Find a seat and adjust your eyes. At sunset, during warm weather months, the sight of thousands of Brazilian free-tailed bats (Tadarida brasiliensis) streaming swiftly from the entrance of  Carlsbad Cavern into the night is not to be missed. 

Bat viewing site. National Park. New Mexico.
Visitors to Carlsbad Caverns view emerging bats from the park’s amphitheater. Photo courtesy of National Park Service.
Bat viewing site. Carlsbad Cavern. New Mexico. Cave formations.
Understanding cave systems helps us understand the wide array of bat habitats. Photo courtesy of National Park Service.

At Carlsbad Caverns National Park, Brazilian free-tailed bats are certainly the stars of seasonal nightly bat flight programs. But, if you’re keen on bat identification, you’re also likely to see cave myotis (Myotis velifer) and fringed myotis (Myotis thysanodes) identified by their mouse-like ears, as they fly with free-tailed bats from the cavern’s entrance.  

Free bat flight programs are offered every evening, weather permitting, from Memorial Day weekend through October. Participants are seated in the Bat Flight Amphitheater located near the Natural Entrance to Carlsbad Cavern. Seating at the amphitheater is on a first-come-first-seated basis. 

National Park Service rangers provide a talk before bats begin their flight. Start times for the programs are based on the time the sun sets. To protect the bats, electronic devices of all kinds are not allowed at bat flight programs and in surrounding areas. The National Park Service notes that the behavior of bats changes when bats, accustomed to total darkness and silence, are disturbed by sounds and light.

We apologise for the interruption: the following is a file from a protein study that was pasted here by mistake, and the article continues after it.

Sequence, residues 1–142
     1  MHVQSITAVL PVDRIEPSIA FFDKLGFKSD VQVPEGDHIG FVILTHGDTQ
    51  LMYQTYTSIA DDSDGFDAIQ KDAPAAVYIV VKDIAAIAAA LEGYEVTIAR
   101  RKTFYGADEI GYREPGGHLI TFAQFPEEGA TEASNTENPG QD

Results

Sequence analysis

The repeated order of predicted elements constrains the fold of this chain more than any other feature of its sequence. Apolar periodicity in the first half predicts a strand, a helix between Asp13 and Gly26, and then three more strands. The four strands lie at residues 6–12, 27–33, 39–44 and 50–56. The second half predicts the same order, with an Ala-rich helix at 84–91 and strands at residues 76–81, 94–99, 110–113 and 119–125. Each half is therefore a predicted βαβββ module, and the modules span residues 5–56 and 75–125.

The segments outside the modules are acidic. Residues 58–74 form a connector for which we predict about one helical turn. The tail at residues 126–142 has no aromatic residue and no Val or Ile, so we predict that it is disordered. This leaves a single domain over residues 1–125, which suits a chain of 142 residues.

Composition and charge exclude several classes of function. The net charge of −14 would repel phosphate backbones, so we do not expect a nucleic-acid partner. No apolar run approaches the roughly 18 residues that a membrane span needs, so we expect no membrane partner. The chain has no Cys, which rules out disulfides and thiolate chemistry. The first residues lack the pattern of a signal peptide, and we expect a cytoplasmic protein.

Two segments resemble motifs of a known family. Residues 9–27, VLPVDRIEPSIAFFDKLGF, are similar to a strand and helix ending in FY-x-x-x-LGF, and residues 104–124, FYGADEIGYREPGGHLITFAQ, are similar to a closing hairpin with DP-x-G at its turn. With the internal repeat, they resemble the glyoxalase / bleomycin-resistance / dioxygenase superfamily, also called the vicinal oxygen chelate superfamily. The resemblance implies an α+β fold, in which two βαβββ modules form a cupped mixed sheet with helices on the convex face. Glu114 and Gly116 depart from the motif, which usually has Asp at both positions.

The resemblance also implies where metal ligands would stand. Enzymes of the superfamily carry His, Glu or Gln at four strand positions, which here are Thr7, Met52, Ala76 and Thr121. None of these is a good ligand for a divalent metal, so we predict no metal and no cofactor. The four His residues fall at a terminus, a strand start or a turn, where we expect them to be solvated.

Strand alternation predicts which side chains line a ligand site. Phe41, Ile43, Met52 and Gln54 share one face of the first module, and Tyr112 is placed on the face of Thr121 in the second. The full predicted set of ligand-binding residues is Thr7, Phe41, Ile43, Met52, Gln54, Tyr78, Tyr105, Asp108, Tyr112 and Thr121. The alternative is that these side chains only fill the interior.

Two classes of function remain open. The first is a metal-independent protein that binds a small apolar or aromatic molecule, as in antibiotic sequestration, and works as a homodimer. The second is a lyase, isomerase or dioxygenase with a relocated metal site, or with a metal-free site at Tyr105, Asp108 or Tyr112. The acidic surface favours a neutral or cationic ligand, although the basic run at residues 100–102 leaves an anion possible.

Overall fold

Seventeen bat species reside in this Chihuahuan Desert national park that sprawls between New Mexico’s Guadalupe Mountains and the Permian Basin in West Texas and southeastern New Mexico. Not all bats roost in the park’s famous caves. Eastern red bats (Lasiurus borealis) roost in the park’s trees. Canyon bats (Parastrellus hesperus) roost in rock cliffs and cracks throughout the desert landscape.


  • Park tours, ranger talks, displays, and published materials offer excellent opportunities to understand caves and their importance. Hidden beneath the surface of the national park are 120 known caverns, possibly more, formed millions of years ago when sulfuric acid dissolved limestone.
  • Self-guided tours through the Big Room of the cave system are popular and require a timed pass to traverse a relatively flat trail through cave formations of all shapes and sizes. The Big Room is the one of largest single cave chambers in North America. 
  • To get to the Big Room, visitors take an elevator 750 feet below the ground or may opt to hike the steep and strenuous Nature Entrance Trail, which takes an average of an hour to complete.
  • What’s the difference between stalagmites and stalactites? Stalagmites grow from the ground up. (Note the “g” for ground in the name). Stalactites grow downward.
  • Visitors to the park should always reference the National Park Service’s up-to-date announcements regarding surface hiking, backcountry camping, and other access considerations
  • Hotels, RV parks, camping sites, and glamping options are available within proximity of the park.